France bans titanium dioxide from 2020
Ban will be notified to European Commission with call for EU to follow France’s lead
France is to ban the food additive titanium dioxide (E 171) from January 1, 2020, French Economics and Finance Minister Bruno Le Maire announced on April 17.
The announcement was expected since the French Agency for Food, Environmental and Occupational Health & Safety (ANSES) published an opinion on April 15 that gave Le Maire the legal weight needed to underpin the ban under EU law.
ANSES found that more data was needed to confirm or reject the findings of four studies linking the additive to cancer, including one from the French national agronomic research institute (INRA).
The April 17 statement from the Economics and Finance Ministery noted the agency’s conclusion that the risks linked to the additive’s use suffer from a lack of data that companies placing titanium dioxide on the market should have provided.
The statement underlined that the lack of data meant that neither ANSES nor the European Food Safety Authority (EFSA) had been able to set an acceptable daily intake (ADI) limit for the additive – this is the amount that can be consumed every day over a lifetime without ill effect.
It flagged up measures that France had already taken to encourage food producers to switch to other additives – E 171 is used mainly as a white colouring in sweets, such as chewing gum, and cake decorations.
France has also been checking that manufacturers comply with the EU’s food information to consumers regulation (FIC – 1169/2011) by labelling nano forms of E 171 used in foods with the word ‘NANO’ in the list of ingredients.
The April 17 statement noted that since titanium dioxide was authorised at EU level, the ministry will notify the ban to the European Commission and other member states as soon as the decree had been signed into law.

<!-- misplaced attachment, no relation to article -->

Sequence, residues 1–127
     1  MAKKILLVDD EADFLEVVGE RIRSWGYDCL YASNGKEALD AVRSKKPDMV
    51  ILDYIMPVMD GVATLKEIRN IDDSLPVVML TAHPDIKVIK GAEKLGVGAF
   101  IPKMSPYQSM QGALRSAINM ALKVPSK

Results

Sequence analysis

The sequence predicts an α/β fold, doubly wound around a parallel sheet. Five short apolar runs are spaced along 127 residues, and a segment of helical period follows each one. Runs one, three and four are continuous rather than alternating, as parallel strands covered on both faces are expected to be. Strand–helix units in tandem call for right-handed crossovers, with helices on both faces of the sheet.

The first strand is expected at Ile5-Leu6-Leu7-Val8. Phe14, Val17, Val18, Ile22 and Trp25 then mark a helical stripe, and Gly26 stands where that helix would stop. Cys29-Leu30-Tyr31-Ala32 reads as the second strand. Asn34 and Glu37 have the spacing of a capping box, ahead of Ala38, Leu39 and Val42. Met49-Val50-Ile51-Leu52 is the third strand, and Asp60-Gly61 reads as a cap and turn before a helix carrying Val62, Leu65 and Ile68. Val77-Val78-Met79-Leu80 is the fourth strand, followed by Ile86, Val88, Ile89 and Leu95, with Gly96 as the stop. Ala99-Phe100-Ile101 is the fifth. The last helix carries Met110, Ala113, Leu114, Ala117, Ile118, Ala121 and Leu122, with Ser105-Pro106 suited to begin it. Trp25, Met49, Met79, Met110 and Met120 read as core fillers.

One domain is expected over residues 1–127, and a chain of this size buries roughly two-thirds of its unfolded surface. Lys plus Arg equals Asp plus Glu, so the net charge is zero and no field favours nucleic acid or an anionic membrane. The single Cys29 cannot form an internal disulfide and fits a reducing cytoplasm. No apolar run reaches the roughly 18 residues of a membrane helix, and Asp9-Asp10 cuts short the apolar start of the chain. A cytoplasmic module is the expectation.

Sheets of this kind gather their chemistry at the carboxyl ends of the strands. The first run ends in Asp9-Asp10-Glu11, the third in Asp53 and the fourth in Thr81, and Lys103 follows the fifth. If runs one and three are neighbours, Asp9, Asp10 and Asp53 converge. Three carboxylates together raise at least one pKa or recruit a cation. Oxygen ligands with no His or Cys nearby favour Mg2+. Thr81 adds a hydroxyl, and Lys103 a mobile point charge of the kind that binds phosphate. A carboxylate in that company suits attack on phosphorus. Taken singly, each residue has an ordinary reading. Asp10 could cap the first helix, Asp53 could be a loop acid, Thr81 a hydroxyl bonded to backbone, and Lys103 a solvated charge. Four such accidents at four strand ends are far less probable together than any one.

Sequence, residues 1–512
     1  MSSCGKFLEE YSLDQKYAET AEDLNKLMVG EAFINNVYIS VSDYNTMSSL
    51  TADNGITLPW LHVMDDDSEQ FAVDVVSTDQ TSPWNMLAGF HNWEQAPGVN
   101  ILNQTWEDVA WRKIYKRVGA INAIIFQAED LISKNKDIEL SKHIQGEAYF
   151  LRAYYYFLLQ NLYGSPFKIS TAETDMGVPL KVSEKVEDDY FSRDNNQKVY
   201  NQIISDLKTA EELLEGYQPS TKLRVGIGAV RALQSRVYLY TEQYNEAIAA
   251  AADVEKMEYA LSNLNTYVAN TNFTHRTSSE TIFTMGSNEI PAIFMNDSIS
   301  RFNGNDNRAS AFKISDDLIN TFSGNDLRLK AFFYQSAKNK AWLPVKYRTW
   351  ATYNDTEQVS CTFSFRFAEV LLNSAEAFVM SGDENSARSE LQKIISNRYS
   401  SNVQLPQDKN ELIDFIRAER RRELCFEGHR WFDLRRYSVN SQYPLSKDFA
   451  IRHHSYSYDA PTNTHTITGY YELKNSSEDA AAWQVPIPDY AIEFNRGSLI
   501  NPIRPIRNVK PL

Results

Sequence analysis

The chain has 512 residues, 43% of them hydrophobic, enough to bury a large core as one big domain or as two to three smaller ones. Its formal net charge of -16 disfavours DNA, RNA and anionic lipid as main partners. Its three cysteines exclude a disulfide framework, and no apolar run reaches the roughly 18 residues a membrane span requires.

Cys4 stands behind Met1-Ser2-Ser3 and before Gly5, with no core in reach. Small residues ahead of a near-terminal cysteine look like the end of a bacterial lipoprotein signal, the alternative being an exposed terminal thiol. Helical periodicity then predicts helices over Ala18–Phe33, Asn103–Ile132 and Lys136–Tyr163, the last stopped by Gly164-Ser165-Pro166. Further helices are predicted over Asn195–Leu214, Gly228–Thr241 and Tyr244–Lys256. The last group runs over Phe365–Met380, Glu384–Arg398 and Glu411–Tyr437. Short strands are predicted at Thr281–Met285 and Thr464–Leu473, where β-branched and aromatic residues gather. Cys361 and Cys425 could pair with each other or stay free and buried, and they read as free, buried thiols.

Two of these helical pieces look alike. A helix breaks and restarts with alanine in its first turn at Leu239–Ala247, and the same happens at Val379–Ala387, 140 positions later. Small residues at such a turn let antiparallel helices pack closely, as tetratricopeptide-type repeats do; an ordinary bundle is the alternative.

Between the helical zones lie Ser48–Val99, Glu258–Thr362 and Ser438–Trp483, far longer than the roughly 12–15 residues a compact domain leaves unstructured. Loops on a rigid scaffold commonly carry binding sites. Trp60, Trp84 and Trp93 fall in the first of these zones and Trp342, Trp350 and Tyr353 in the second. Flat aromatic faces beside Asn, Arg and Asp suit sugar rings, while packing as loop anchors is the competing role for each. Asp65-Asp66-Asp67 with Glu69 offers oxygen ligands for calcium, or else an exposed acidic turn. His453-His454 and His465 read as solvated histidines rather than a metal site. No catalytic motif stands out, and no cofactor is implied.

They would then have to hold a meeting to consider the notification within 10 days.
But the Commission is reluctant to roll out the ban EU wide. When IEG Policy asked whether the Commisison was considering introducing an EU ban following the ANSES opinion, a spokesperson told us: “The Commission takes note of the opinion of the French food safety agency ANSES on the use of Titanium dioxide as a food additive.”
However, the spokesperson pointed to EFSA’s July 2018 opinion that upheld its previous 2016 opinion despite considering the four studies linking the additive to cancer and stressed: “EFSA has assessed titanium dioxide as a food additive and concluded it does not pose a safety concern.”
The spokesperson nevertheless underlined: “The protection of the health of EU consumers is and will remain the Commission’s first objective.”
In February 2018 France already asked the Commission to suspend EU authorisation of the additive, while EFSA carried out a thorough re-evaluation, in the light of the four studies and a classification as a potential carcinogen by the International Agency for Research on Cancer (IARC).